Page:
But when the battle was out in space, Appalachian State was superior.
Game hero Dexter Jackson to SI: "We knew we wanted to spread them out. They had bigger bodies. They were more physical than us when it came to size. We knew we were fast."
LB Pierre Banks to SI: "They were bigger than us, but we were faster than them."
There have been bigger Vegas upsets. App State was about to three-peat as its subdivision’s national champ. A ranked FBS/I-A team had lost to a lower-subdivision team before (Cincinnati was temporarily considered I-AA when it beat No. 20 Penn State in 1983). The Mountaineers had some future NFL players, including sophomore QB Armanti Edwards. App State would win a 2016 Sun Belt title share as an FBS member.
Michigan had been one score away from making the BCS Championship the year prior and was favored to win the Big Ten. UM regularly ranks as one of the two winningest programs ever, depending on how Notre Dame’s doing. App State had lost most of its defensive front seven. The Wolverines had 22 more scholarship players, home-field advantage in a 109,000-seat stadium, and resource advantages across the board. Many Vegas books didn’t even list the game. And it was the debut game for the Big Ten Network, selected to show off the conference’s strength.
On paper, I don’t know if it’s the biggest upset ever. The ‘Neers were good, and everybody knew it.
It towers in our minds because it’s Michigan at the Big House, because it signified a revolution in football offense, and because we hadn’t yet seen somewhat similar upsets by 2010 James Madison (21-16 vs. No. 13 Virginia Tech), 2013 Eastern Washington (49-46 vs. No. 25 Oregon State), and 2016 North Dakota State (23-21 vs. No. 13 Iowa), not that any of those really compare. The FCS-over-FBS upset might never again feel as apocalyptic as this one did.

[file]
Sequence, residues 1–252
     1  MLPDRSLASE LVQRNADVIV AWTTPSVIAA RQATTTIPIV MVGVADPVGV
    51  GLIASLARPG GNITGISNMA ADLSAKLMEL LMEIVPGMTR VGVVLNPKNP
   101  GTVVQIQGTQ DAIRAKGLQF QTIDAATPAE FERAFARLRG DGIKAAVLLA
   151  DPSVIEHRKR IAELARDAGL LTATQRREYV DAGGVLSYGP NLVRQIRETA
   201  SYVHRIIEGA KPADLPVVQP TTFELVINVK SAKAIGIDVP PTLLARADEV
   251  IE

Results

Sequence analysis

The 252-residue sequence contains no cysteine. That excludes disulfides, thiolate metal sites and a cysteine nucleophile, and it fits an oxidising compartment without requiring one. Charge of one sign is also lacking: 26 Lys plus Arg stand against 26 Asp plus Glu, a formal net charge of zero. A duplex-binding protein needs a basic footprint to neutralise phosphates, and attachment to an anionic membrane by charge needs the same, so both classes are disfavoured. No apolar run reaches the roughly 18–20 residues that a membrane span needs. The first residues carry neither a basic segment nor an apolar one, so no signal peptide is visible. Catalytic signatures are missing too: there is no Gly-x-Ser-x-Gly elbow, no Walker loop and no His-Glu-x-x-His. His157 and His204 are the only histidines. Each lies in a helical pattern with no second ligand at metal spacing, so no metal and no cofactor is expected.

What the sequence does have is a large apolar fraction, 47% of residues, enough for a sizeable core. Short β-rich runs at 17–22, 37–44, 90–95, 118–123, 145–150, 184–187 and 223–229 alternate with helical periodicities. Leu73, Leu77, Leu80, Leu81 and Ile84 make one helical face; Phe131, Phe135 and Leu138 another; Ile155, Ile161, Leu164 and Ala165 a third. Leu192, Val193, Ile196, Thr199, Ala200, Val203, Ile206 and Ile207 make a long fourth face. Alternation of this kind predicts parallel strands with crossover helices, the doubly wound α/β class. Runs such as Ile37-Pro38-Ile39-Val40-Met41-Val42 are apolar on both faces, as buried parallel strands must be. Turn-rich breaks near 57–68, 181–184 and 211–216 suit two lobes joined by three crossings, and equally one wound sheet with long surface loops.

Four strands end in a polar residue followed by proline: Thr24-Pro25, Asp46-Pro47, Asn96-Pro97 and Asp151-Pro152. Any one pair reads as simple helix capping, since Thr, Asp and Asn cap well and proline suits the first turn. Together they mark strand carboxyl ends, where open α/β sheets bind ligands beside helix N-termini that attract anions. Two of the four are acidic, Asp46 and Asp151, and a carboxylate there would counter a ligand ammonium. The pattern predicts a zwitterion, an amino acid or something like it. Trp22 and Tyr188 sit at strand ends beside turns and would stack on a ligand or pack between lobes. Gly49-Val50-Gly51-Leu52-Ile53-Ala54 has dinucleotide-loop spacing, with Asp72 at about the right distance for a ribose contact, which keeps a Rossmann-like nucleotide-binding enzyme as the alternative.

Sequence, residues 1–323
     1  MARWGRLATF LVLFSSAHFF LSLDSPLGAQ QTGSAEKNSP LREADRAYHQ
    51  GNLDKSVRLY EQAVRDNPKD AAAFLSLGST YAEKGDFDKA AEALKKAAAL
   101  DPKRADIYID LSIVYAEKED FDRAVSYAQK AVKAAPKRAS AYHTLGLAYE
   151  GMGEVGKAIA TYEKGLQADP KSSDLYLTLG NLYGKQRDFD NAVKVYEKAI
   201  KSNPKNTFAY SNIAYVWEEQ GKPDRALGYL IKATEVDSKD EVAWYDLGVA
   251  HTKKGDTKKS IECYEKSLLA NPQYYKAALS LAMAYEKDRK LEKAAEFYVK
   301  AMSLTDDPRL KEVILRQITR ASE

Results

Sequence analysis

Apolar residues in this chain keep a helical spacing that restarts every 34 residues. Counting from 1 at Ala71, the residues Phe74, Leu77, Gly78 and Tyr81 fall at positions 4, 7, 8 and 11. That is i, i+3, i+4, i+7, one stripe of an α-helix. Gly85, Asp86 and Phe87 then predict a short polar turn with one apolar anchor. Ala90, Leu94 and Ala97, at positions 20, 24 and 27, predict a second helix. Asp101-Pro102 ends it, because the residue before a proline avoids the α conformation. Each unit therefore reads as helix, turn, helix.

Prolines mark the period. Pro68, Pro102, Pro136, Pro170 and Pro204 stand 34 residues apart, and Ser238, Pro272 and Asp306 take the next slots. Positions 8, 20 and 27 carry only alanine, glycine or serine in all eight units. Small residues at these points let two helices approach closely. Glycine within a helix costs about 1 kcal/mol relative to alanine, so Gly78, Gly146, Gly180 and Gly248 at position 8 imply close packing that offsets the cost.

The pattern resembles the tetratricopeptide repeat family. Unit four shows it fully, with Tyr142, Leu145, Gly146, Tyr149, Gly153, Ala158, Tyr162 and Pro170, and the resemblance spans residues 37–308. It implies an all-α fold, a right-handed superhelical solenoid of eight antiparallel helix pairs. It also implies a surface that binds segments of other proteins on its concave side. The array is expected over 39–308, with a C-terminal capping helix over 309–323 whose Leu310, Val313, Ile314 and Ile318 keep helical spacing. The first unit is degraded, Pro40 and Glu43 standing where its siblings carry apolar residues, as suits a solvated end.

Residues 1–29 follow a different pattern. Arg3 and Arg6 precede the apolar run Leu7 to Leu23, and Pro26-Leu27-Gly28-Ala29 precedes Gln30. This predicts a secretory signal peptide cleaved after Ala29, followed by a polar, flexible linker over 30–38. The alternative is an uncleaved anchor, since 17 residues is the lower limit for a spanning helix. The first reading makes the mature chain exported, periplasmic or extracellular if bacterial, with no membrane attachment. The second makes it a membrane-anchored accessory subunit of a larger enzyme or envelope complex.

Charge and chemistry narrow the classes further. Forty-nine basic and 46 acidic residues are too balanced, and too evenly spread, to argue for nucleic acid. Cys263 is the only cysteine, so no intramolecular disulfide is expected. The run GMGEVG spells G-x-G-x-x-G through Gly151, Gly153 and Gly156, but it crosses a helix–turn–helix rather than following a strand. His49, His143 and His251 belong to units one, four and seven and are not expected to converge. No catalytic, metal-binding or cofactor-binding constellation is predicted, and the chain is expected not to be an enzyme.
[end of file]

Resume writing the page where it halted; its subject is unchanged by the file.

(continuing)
Just as big as the brand names was the fact that this game kicked off the greatest season ever. This was the roadside flare, the wake-up punch to the nose, and the first present under the tree.
Nah, let’s keep going.
No. 20 Georgia 42, No. 9 Florida 30 (-7.5)
"And here comes the entire team!"
"This was planned!"
Kansas State 41, No. 7 Texas 21 (-14.5)
Texas A&M 38, No. 13 Texas 30 (-7)
The wildest part: This wasn’t even Texas stepfather Bill Snyder doing the upsetting. This was short-tenured, second-year stand-in Ron Prince.
No, wait. The wildest part: A&M’s head coach resigned immediately afterward amid revelations he’d run a for-pay newsletter about his own team.
Utah 44, No. 11 UCLA 6 (-15)
If you beat Vegas by 53 points, you must be mentioned.
Navy 46, Notre Dame 44 (-3.5)
A tiny upset in isolation — the Irish were terrible, going without an AP ranking at any point for the first time in 43 years — but it’d been that same number of years since the Midshipmen had beaten ND, the longest rivalry streak in college football history.
Auburn 20, No. 4 Florida 17 (-17.5)
Here’s a fun thing: Go up to a Gators fan and whisper Wes Byrum’s name. I didn’t say it would be fun for you or for that Gators fan.
USF 26, No. 17 Auburn 23 (-7)
No. 18 USF 21, No. 5 West Virginia 13 (-7)
Some of this year’s surprise No. 2 teams arrived there via attrition. The Bulls, the most perplexing No. 2 of all, did it by beating higher-ranked schools that’d had football programs for about a century longer.
Maryland 34, No. 10 Rutgers 24 (-18.5)
what in tarnation
Virginia 48, Miami 0 (-3.5)
The Canes’ last game at the Orange Bowl stadium, home of their five national title teams, saw them suffer the worst shutout loss by any team in venue history.
Nah, let’s keep going.
All the FBS games won by the lower-ranked team in 2007
|Sep. 1||Appalachian State (FCS)||34||No. 5 Michigan||32|